Wednesday, October 17, 2007

The end of the beginning

I'm not entirely clear to me why the cabinet decision to submit a new bill on the MSDF refueling mission deserves this kind of treatment from the BBC, considering that the government announced days ago that it would make its final decision on October 17th — and that there was no doubt that the government would decide to submit its bill to the Diet.

This is nothing more than the end of the beginning, a decision that introduces a new, parliamentary front in the battle over the MSDF mission. The new law limits refueling to ships explicitly involved in maritime interdiction operations and eliminates provisions about parliamentary approval, which will undoubtedly be subject to intense debate in the Diet.

It is still unclear exactly how this drama will play out, and what role the DPJ counteroffer of civilian contributions to Afghanistan's reconstruction — Mr. Ozawa agreed to the compromise position earlier this week — will play in the final outcome, but the debate is moving forward. My money remains on the government's getting its way, extending the Diet session to the end of the year and passing the bill over an Upper House veto. Mr. Fukuda will undoubtedly make all manner of conciliatory gesture to the DPJ, in part as a way to coax the public to support the government's doing whatever necessary to pass the bill.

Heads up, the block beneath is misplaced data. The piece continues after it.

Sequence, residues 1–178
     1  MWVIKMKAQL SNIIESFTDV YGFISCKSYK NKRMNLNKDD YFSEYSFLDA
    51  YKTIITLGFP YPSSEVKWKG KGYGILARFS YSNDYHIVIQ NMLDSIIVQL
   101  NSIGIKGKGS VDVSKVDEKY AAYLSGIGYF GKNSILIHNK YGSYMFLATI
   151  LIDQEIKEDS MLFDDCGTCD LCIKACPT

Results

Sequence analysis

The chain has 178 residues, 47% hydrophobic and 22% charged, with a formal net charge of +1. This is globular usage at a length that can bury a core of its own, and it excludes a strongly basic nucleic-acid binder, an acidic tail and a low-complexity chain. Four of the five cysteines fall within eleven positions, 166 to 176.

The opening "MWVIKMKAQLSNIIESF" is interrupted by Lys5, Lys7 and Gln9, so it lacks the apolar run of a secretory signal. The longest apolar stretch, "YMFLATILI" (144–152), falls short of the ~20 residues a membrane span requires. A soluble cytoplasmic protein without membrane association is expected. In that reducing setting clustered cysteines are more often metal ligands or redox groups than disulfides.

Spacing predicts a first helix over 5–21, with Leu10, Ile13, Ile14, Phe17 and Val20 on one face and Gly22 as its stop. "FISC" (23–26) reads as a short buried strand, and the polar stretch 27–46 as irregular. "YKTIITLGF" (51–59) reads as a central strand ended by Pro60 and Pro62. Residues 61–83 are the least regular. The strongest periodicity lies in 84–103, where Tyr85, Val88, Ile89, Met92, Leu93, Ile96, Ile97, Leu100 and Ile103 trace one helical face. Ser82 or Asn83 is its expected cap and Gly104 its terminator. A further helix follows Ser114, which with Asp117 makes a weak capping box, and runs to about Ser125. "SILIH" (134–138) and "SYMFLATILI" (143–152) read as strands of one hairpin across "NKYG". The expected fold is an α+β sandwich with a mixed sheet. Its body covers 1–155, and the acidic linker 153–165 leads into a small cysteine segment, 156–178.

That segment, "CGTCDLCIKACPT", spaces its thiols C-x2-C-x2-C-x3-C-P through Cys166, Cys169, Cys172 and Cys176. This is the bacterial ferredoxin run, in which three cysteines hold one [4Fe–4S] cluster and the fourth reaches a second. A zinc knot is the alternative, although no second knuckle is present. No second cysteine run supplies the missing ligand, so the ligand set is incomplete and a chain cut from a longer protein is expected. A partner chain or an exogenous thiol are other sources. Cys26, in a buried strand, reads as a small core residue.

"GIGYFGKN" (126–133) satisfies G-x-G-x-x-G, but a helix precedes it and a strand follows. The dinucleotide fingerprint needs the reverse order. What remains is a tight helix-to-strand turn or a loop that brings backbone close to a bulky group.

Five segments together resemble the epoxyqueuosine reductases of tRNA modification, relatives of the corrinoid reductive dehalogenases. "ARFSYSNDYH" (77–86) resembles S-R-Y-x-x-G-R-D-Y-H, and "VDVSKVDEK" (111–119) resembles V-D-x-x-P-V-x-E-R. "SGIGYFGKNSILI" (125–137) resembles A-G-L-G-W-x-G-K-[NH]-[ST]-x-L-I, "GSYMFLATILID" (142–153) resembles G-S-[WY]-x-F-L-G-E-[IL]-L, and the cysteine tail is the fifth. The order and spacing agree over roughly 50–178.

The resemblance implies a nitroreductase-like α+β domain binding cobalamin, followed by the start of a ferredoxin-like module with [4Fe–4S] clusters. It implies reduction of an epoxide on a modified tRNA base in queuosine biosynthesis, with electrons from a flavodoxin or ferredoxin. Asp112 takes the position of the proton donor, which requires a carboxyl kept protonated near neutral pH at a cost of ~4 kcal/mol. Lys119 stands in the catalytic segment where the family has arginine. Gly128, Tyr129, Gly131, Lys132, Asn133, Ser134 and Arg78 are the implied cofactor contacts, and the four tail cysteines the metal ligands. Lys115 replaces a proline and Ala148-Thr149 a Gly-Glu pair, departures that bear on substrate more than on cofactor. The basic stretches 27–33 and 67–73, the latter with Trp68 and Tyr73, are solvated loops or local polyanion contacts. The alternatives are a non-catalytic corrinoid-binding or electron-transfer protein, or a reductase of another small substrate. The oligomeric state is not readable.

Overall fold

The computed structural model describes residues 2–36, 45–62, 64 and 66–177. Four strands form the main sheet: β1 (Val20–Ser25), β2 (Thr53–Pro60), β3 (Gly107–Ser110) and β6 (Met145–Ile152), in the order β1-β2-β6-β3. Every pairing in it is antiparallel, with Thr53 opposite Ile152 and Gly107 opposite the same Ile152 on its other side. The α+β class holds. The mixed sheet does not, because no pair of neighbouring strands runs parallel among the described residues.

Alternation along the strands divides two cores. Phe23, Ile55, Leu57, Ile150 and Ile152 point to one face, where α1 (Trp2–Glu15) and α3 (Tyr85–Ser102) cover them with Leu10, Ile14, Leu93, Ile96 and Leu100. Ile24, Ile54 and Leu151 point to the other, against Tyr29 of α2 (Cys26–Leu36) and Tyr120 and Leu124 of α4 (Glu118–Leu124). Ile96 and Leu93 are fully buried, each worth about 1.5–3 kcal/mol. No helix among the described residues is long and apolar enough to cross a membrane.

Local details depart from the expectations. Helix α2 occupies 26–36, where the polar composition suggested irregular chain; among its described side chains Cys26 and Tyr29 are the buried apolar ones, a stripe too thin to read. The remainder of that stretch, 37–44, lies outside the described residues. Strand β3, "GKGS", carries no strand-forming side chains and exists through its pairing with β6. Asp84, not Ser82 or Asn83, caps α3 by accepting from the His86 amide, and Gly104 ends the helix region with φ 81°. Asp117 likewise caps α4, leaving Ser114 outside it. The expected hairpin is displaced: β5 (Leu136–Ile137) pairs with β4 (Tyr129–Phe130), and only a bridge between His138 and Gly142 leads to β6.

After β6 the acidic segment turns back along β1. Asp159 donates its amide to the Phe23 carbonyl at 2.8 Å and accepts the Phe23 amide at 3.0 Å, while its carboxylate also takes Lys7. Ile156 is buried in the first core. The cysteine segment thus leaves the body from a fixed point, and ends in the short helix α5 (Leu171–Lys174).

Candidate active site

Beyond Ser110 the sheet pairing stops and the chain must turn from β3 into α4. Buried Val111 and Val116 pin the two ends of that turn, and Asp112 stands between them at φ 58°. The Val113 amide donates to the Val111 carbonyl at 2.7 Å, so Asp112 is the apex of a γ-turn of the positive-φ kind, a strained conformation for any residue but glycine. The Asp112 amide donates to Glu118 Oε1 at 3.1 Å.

But I could be wrong, because it's still unclear precisely how a divided Diet will function and how the public will react to the parties' efforts to cope with it, meaning the cabinet's deciding to support the continuation of the refueling mission does not have the air of finality that it might have had four months ago.

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